Tag Archives: disgust

Sorry, RogerEbert.com, It’s Not Okay that Sadness is Fat

Guess which one is Sadness. Go on. Guess.

Recently I saw a piece by columnist Olivia Collette Roger Ebert. com called “Why Can’t Sad Be Fat?”  The piece was written in response to the recent backlash regarding Pixar’s recent release “Inside Out”.  In the film, which takes place primarily inside the head of an 11 year old girl, there are characters embodying various emotions including anger, disgust, joy, fear and sadness.  In particular, the article skewers Joni Edelman, editor-in-chief at Ravishly.com, feminist and body-positive activist, about a piece she recently wrote for The Huffington Post.

Let’s first address the fact that Joni admits she wrote the article without having seen the movie first.  In retrospect, this was probably a bad idea.  I don’t believe it invalidates Joni’s argument.  It just makes it awfully easy for the opposing side to take cheap pot shots at her.  And they did.  Yes indeedy.

I did see the movie.  And in many ways, I liked it.  But immediately afterwards, I asked my hubby, why did they have to make Sadness fat?  You see, the character called Sadness is blue, wears a frumpy sweater and glasses and is, well, fat.  This is in contrast to the character called “Joy” who is thin, yellow, tall, twirly and wears a gorgeous green Doris Day dress.

I was frustrated.  Because I liked the movie quite a lot.  The movie featured a female lead who loved to play hockey, came from the Midwest, also loved unicorns, and was all around cool.  I loved the fact that sadness was recognized as an important human emotion, and that when the main character Riley is told to put on a brave face regarding a cross-country move to San Francisco, and tries to squash her feelings of sadness, all heck breaks loose.  It’s important to acknowledge that we need to feel sad sometimes.

In many ways the movie is great.

But why did they have to make “Sadness” short, frumpy, bespectacled and fat?  Why did they feel the need to pair fat with lazy?  In the movie, Joy actually picks up Sadness’ leg and drags her around because she’s “too sad to walk”.  Check it out (if you want) in the clip below:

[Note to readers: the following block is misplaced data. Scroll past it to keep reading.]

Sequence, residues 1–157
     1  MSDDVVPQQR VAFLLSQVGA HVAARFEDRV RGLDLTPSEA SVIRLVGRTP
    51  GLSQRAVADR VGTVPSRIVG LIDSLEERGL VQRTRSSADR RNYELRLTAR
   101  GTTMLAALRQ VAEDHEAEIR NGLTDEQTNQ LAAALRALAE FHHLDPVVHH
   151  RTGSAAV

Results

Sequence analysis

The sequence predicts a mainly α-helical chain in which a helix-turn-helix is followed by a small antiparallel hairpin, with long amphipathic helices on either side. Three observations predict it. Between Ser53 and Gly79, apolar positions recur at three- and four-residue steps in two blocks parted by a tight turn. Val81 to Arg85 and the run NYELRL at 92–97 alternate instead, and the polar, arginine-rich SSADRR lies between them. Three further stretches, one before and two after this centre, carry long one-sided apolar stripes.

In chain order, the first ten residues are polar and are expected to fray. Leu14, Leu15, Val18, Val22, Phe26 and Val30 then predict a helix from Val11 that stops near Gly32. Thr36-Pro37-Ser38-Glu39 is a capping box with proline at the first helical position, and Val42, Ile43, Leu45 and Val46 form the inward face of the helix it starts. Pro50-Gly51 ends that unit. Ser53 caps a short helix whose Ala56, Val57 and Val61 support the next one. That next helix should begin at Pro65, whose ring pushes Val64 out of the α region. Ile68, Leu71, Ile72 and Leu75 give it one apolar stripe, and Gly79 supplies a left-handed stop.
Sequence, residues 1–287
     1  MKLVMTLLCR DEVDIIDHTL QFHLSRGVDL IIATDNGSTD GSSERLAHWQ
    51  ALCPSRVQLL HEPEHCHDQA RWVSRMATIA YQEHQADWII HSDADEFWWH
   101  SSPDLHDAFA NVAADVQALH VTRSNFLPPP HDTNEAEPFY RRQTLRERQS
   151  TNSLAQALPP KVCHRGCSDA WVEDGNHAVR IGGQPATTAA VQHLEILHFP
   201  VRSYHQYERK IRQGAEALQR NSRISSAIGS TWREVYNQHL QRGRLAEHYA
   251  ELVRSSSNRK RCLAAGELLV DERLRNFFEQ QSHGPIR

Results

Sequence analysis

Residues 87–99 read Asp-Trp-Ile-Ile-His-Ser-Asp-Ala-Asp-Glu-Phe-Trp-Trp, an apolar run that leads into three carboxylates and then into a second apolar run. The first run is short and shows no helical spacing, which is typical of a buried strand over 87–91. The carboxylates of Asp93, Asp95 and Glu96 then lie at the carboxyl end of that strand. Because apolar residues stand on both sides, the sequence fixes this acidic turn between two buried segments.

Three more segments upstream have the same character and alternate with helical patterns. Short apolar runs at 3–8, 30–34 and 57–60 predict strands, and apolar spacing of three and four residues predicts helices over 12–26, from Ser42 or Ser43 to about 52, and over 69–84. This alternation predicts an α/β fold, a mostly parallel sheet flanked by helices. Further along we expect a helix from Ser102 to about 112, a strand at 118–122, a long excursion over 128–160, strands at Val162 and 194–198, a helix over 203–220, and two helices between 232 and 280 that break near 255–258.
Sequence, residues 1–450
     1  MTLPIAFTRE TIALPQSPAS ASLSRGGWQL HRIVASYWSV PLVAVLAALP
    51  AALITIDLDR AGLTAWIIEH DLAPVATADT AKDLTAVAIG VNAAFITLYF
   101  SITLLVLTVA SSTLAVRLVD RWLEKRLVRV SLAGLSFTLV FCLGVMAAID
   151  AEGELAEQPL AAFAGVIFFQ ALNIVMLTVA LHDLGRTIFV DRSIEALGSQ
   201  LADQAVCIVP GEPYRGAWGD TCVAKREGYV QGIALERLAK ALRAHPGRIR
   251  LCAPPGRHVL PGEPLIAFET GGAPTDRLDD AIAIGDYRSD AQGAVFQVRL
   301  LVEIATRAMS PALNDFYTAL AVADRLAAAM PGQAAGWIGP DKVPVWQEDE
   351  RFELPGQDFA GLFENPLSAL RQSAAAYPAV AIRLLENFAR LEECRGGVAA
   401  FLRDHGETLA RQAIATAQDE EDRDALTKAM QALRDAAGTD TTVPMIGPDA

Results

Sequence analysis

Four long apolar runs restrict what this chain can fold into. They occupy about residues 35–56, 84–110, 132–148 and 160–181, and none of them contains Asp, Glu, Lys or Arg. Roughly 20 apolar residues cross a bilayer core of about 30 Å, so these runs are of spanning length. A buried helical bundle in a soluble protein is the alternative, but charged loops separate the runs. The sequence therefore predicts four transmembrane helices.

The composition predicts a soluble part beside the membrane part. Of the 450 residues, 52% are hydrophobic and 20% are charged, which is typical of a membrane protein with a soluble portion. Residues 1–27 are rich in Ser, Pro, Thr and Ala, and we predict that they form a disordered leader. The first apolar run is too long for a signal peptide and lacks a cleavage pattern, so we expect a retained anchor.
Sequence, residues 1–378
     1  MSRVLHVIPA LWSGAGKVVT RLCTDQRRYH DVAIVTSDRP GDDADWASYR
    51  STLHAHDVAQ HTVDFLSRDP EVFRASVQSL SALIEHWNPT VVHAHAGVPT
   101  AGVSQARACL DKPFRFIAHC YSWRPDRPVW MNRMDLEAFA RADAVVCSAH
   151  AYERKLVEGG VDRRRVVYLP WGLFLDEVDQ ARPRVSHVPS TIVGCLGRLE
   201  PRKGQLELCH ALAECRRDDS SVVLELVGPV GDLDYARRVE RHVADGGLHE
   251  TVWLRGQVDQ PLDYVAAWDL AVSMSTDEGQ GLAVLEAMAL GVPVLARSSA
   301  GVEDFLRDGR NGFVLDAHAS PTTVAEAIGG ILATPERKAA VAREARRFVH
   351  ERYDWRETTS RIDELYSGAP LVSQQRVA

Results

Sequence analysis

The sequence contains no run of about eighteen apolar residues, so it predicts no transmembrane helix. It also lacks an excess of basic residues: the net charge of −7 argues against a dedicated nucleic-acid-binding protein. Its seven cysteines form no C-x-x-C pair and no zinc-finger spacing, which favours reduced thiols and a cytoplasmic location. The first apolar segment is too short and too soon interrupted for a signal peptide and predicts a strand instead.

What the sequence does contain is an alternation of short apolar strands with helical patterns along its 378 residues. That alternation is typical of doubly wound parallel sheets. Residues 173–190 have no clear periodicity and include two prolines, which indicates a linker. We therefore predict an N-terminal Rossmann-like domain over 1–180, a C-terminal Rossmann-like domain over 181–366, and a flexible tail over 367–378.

And I can’t help but shake my head at Olivette’s critique of Joni.  In the article on RogerEbert.com, she suggests that Joni is the one equating fat with bad.  Olivette suggests that since Joni hasn’t seen the film, SHE’S the one projecting negative stereotypes onto the fat character and therefore missed the nuances of the film.

Firstly, if she’s a body-positive activist, I wonder what led her to assume that the fat character is a bad one. Not in an evil way, of course, but at least in a way that’s not as uplifting as Joy.

To which I reply:

right animated GIF

Look.  I love the fact that Sadness is important and that Joy misjudges her.  But (and this is a big but) you are still portraying sadness as a character who is fat, and lazy and frumpy.  There is a very, VERY strong notion in our country that being fat is an outward manifestation of being emotionally unbalanced.  That we are fat because we are sad and then we are sad because we are fat.  If I had a dollar for every time I came across an ad or a program or a person in my life who insisted that once I learned how to be happy, once I learned to be emotionally fulfilled, I would stop eating and the pounds would just melt away.  “Fat people shouldn’t be hated.  They should be pitied.  Because they are sad which makes them eat, which makes them more fat, which makes them more sad, bless their hearts.”  Grrrrr.

I understand fully that the Joy character initially misunderstands the Sadness character in the movie.  And I am really clear about the transformation that happens as Joy understands the importance of Sadness to Riley.  But it still doesn’t do anything to take away from the Fat=Sadness=Fat trope in the movie and in the world.